How to Meditate, Interview – April 16, 2010
HTM: What form of meditation do you find most effective?
James: My only meditation experience has been with a meditation group.
HTM: Can you tell me about those experiences?
James: For a time period of 4-5 years I was a member of a small Zen meditation group which met regularly (every two weeks). We held two silent meditation periods of 20 minutes each and with a silent walking period in-between. During the first sitting period the leader would read a 4-5 minute statement regarding meditation. At the end a chant was intoned "all evil karma ever committed by me...." then we left in silence. I believe it was meaningful as we remained together for some years. It ceased as various members moved away or lost interest. For me it was very helpful and I still feel I am reaping the benefits from those sessions.
HTM: Will you please tell me more about the chant about evil and karma, and what it was supposed to be about?
James: The chant we used is— “All evil karma ever committed by me since of old, on account of my beginning less, greed and anger now I atone for it all" The goal of the meditation was to empty the mind of all thoughts; easier said than done!
HTM: You mentioned that there were lasting benefits from your meditation practice. Can you tell me more about what these are?
James: What I mean by lasting and I might add continuing benefit, is the sense of peace which I have found within me and detached from the whirly burly of every-day life. I do find that the vicissitudes of life do not get me worked up as they once did; as though I can view them in a detached way—as though these were outside events which can be viewed and thought about in an unemotional way. For me this is a benefit as though I were getting a sense of perspective of my thoughts and reactions.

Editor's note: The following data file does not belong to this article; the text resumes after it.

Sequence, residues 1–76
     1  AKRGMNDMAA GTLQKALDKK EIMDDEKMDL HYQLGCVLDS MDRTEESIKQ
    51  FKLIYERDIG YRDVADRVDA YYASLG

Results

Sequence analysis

HTM: It is a common experience for human beings to assume that they ARE their thoughts. Were you able to, prior to meditation, dis-identify with your thoughts— in short, recognize yourself as separate from these thoughts?
James: I believe that it never occurred to me if I were my thoughts or that they were something apart. What I have learned from my meditation is that I and my thinking are somehow bound together and at the same time apart. It is as though I can put my thinking in neutral and at the same time be aware of my bodily existence.
HTM: Does this skill or ability that became active while meditating develop or grow in any way even without meditation? Or perhaps you still meditate in some way, yet not as formally as before.
James: In regarding your last questions, I suspect that my perspective on things might differ from yours, even though I do not know anything of your personal life or experience. First I am in my 90's which means of course I'm looking backwards— things that have occurred— rather than looking forward to things which are sure to occur. You have asked some very fundamental questions which I have attempted to answer; as I see it, your next step should be to try meditation; theory is one thing but practice in another. If there is a group in your area you might give it a try. If not that, you could start meditating on yourself remembering the time tested technique is to concentrate on your breath. You are aware of the theory; now try the practice.
HTM: Thank you for your suggestion. I have actually been meditating regularly for over thirty years. I write about meditation and interview those who meditate to both deepen my appreciation and in order to offer material for others that is encouraging. This interview will appear online for others to read. Sadly, there are some who will never try meditation in any form. I believe in encouraging people to do so, by both modeling and by providing reading material such as this. With all this in mind, is there anything you would like to add in terms of encouragement?
James: I hope that my contributions have been of help to you and others. This has been enjoyable and made me look over what I'm doing and perhaps why.
HTM: Thank you for participating.